Two years ago this January, I took my first class in Duke Integrative Medicine’s health coaching program.

Since then, I’ve coached many fellow coaches and individuals, and something I’ve pulled out of those conversations is that one of the keys to sustainable change is your relationship with yourself. If you are constantly putting yourself last, beating yourself up, or pushing yourself to achieve something that truly is not attainable, it makes behavior change and meeting your goals so much harder. Or, you may reach the goal you’re chasing but put yourself in a position that’s incredibly difficult to maintain long-term because it’s too extreme.

So, I want to spend February focusing my content on self love, and how it affects our ability to reach our goals or change behaviors. The first topic I want to talk about is perfectionism and the perfectionist mindset. This is something I struggle with a lot personally, so I’m excited to dig into what I’ve learned (and what I’m still learning) with y’all. Funny enough, this was just supposed to be an Instagram post, but true to my verbose form I had a lot more to say about this than should be in an Instagram caption. So, here we are.

We all know what perfectionism is: striving for flawlessness (or the appearance of it). And it can wreak havoc on your opinion of yourself because you are always reaching for an unattainable standard. It can push you to an all or nothing mindset – “If I don’t do this perfectly, there’s no point in doing it at all” – or make you feel like a failure because you’re never achieving the ideal result in your mind. It can cause anxiety and even prevent you from starting to work on your goal. It can keep you from ever feeling satisfied. And when you’re trying to make a change, these things can be a major impediment.

But, let’s try this on for size: none of my clients do things perfectly – literally none – and they are still seeing progress.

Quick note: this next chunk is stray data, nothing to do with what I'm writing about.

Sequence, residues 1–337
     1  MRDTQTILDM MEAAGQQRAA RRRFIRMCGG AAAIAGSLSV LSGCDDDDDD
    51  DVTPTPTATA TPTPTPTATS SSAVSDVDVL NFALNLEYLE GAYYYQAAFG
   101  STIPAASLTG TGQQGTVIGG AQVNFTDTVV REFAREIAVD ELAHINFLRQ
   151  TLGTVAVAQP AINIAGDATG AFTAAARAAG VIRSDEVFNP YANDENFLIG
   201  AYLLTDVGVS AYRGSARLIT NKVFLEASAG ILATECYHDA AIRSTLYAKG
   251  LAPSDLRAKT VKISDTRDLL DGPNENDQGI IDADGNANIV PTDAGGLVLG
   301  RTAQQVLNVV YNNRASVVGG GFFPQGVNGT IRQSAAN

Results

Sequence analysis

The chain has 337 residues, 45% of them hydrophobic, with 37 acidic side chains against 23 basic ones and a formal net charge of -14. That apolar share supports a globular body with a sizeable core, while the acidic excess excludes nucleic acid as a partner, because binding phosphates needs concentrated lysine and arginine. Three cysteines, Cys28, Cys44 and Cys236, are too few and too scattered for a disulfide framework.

I know for some this statement can be hard to align with reaching your goals. For many people, myself included, the imperfections can make you feel like you’re losing control and you’ll never get where you want to be. My first piece of advice to you is this: make space for the gray areas, because that is where long-term progress lives. Read that one more time. Why did I say that? Because the “gray areas” are often where balance is. For example, pizza every night is probably not the best way to eat, but that does not mean that pizza is always off limits. Learning balance and what it means in your life is where you will find sustainable change. And perfectionism and balance are often at odds with each other. Perfectionism likes black and white: pizza is not ok and I can’t eat it and still reach my goals. Balance likes gray: I can have a slice of pizza on the weekend and still meet my goals.

Where this gets hard is retraining your brain away from this perfectionist mentality. You are not a failure because you didn’t do something perfectly. I know this is a difficult mindset to get out of – I fight it daily. Here is what I’ve found helpful:

Lower the bar. A perfectionist’s worst nightmare. Did you cringe or think “what?!” when you read that? I have thought the same thing, too. But part of the struggle with perfectionism is we create such huge goals for ourselves that we feel dwarfed by them and what it will take to accomplish them, leaving us overwhelmed from the start. And then once we do start, if every step isn’t perfect we get frustrated. There are two ways I try to fight this. The first is to lean on the SMART framework (especially the “A”, which stands for “attainable), which helps me set up my goals in a manageable way. The second is to break my goals down into tiny steps (by tiny I mean if your goal is to start exercising, start with 10 minutes a day). This makes the things that need to be done to meet your goals feel so much more achievable and helps you better see how they will fit into your existing routine.